The director continued to make his mark at production studio Brain’s Base with another pair of notable, character-driven manga adaptations in the form of Natsume’s Book of Friends and Princess Jellyfish, swapping mafia gangs for yokai and obsessive otaku girls respectively. Natsume’s Book of Friends in particular served as a perfect example of the director’s deftness of touch when handling more delicate, intricate subject matter where a character’s thoughts and feelings may run directly contrary to one another. This adaptation impressed the original manga author Yuki Midorikawa sufficiently for her to return to Brain’s Base and Omori to direct a short film based on another of her works, Hotarubi no Mori e, which some readers might remember from its screening at Scotland Loves Anime back in 2011. Meanwhile, Princess Jellyfish rose above a weak ending to prove memorable in its own right, not least for another wonderfully inventive opening credits sequence storyboarded by Omori himself that playfully riffed on a number of blockbuster Hollywood films.
In-between those two series was, of course, the first season of Durarara – while Baccano‘s adaptation enjoyed critical acclaim and a small, dedicated fan base, Durarara‘s popularity was explosive in both Japan and beyond. Swapping 1930s America for modern-day Japan and Tokyo’s Ikebukuro district, yet retaining the core premise of an ensemble character drama where anything goes from street gangs to a Dullahan straight out of Irish mythology, Durarara is a masterclass in patient story-telling. Allowing its cast plenty of room to breathe and become familiar to the viewer before guiding them through its occasionally complex world, the series also has a number of big reveals up its sleeve, and thanks to a breadth to its story and characters that allow it to shift seamlessly between comedy and larger than life dramatic moments it’s ceaselessly compelling.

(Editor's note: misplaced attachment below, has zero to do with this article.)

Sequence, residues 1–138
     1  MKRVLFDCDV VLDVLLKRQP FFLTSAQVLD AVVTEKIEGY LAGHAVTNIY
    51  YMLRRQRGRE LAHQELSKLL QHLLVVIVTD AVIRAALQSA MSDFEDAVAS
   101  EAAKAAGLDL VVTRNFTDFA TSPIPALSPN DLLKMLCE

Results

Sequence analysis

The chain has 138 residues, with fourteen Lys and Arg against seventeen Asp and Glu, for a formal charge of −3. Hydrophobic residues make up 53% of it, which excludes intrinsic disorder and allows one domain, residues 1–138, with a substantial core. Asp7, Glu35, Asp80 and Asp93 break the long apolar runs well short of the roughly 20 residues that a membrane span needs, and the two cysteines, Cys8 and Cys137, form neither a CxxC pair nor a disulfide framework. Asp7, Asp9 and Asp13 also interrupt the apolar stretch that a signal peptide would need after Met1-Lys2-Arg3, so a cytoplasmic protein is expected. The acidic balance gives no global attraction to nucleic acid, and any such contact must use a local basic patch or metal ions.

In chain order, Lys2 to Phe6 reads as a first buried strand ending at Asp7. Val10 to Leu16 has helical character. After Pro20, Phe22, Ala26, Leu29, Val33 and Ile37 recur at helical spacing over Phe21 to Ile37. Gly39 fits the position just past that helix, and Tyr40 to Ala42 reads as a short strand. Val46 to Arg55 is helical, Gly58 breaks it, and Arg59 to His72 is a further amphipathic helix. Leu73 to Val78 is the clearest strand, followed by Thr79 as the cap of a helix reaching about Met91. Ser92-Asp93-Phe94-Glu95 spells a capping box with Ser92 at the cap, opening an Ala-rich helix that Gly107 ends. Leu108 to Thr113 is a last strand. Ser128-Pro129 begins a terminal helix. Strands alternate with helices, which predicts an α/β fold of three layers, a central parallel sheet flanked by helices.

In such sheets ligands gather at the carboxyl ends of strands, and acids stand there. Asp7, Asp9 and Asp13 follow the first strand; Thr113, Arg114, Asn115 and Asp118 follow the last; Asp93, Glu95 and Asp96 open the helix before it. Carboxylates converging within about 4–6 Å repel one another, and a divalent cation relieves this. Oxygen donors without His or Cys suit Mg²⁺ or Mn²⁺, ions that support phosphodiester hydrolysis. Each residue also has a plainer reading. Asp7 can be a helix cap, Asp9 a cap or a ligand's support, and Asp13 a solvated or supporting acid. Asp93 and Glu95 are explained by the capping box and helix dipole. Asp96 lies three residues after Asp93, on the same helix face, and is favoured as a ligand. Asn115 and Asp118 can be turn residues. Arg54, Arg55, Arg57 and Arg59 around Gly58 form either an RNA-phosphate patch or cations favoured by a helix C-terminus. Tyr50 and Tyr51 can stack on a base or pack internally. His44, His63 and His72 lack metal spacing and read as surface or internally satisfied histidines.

It’s taken five years for Durarara to return to our screens, with many of the show’s production staff including its director moving away from Brain’s Base to a brand new studio, Shuka, to work on Durarara x2. In the meantime, Omori took the helm on an original work for Manglobe in the form of Samurai Flamenco, which aired in Japan on Fuji Television’s noitaminA slot. This proved to be a suitable home for a series that dared to be different in what initially starts out as the story of a young man determined to be a superhero without having any superpowers to speak of, but ultimately accelerates into increasingly insane territory before taking its madness all the way through to its logical conclusion. The shifting sands of its premise, and its obvious place as a love letter to Super Sentai series, may not have been to everyone’s tastes, but Samurai Flamenco‘s imaginative train of thought and dedication to having as much fun as possible with every story element it introduced ultimately served it in good stead as another notable notch on Omori’s belt.
For all of these other gems throughout his career though, it’s surely for Baccano and Durarara that Takahiro Omori is most fondly regarded – hardly a surprise, given the rich world and larger than life characters that he has played such a major part in bringing to life.
Andy Hanley is editor-in-chief of the UK Anime Network. Durarara is available to purchase on DVD and Blu-ray from Anime Limited. Baccano is coming to the UK on Blu-ray from Anime Limited later this year. Samurai Flamenco is currently available in streaming form on Netflix UK